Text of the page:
Opposition Leaders Slam TV for ‘Bias’
Civil Georgia, Tbilisi / 21 Nov.'07 / 15:44

MP Levan Gachechiladze, a presidential candidate nominated by the nine-party opposition coalition, refused to hold a press conference in the presence of journalists from Rustavi 2 and Mze TV stations on November 21.

“I want you to leave this room because you are biased,” MP Gachechiladze told journalists from Rustavi 2 and Mze TV.

Gachechiladze has said several times previously that he would only agree to an interview with the two TV channels, and the Georgian Public Broadcaster, if it were live and without editing.

Gachechiladze was holding a live Q&A session with a group of Russian journalists from Moscow, organized by the Russian news agency RIA Novosti in its Tbilisi office. Gachechiladze was speaking in Georgian at the news conference, with his remarks being translated into Russian.

“It seems that part of the opposition is still attempting to mount pressure on Rustavi 2 TV,” a Rustavi 2 anchor said on November 21 in response to Gachechiladze’s move.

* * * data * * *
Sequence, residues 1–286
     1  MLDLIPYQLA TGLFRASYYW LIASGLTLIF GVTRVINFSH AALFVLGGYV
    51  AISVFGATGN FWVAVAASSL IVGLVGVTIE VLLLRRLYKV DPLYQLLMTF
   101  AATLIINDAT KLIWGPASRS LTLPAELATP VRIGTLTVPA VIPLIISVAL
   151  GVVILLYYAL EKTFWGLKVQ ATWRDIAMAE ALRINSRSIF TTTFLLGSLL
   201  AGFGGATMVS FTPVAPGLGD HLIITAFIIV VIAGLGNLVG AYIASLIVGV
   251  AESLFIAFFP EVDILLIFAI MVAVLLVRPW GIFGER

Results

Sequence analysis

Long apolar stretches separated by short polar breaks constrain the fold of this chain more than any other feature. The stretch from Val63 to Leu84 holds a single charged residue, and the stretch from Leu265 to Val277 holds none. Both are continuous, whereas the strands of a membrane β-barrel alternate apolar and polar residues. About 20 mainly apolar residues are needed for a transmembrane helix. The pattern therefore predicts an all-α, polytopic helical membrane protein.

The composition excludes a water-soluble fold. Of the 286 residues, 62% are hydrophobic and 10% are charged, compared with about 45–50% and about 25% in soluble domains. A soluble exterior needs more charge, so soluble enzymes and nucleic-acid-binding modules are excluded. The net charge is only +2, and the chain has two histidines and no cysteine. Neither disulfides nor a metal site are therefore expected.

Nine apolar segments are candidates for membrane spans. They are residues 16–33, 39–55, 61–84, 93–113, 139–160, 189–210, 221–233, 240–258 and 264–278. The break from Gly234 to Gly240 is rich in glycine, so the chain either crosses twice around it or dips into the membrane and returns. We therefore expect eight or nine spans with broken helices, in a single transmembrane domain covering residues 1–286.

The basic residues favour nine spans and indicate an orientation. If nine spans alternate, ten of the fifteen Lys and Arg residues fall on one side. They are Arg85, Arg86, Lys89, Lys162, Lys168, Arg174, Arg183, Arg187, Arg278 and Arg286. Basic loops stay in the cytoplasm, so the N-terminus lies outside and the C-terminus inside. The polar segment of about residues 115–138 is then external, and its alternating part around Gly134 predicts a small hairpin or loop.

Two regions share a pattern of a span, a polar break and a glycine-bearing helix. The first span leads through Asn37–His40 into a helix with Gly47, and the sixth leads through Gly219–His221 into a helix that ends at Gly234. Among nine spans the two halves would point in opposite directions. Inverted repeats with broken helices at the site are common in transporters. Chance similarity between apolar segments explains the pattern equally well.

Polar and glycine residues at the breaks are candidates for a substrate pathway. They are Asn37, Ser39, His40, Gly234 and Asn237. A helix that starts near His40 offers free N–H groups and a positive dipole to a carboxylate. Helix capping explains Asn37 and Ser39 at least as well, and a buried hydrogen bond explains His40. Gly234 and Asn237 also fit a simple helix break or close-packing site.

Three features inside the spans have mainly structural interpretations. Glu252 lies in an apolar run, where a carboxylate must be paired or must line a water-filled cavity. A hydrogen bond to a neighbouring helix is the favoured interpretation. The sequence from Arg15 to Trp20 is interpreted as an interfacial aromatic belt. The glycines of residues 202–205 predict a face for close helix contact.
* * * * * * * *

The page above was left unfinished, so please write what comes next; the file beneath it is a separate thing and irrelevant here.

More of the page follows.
Meanwhile, other opposition leaders have complained about the Georgian Public Broadcaster’s (GPB) documentary outlining the official version of events leading up to the November 7 unrest. The Georgian authorities, and the documentary makers, claim that the recent anti-government demonstrations were part of a Russian-backed coup attempt, financed by business tycoon Badri Patarkatsishvili and incited by Imedi TV, co-owned by Patarkatsishvili.

“This is shameful,” Giorgi Khaindrava, a member of the nine-party opposition coalition, said. Then, addressing journalists from GPB, Mze and Rustavi 2, he said “you are part of Soviet-style propaganda.”

The film, which provides no counter arguments, was also re-aired by both Rustavi 2 and Mze TV on November 20.

Khaindrava was speaking with journalists after opposition leaders from the nine-party coalition met with the U.S. ambassador in Georgia, John Tefft. They said afterwards that they had informed the ambassador of, what they called, ongoing political repression against opponents. They also raised the issue of Imedi TV, which remains off air.

Shalva Natelashvili, leader of the opposition Labor Party, met separately with the U.S. ambassador on November 21. With Natelashvili making an independent bid for the presidency, his party is no longer a member of the opposition coalition. After the meeting, Natelashvili, who was suspected by the General Prosecutor’s Office of having links with Russian intelligence, told journalists that he hadn't been arrested, thanks to the U.S. government and personally to Ambassador Tefft.

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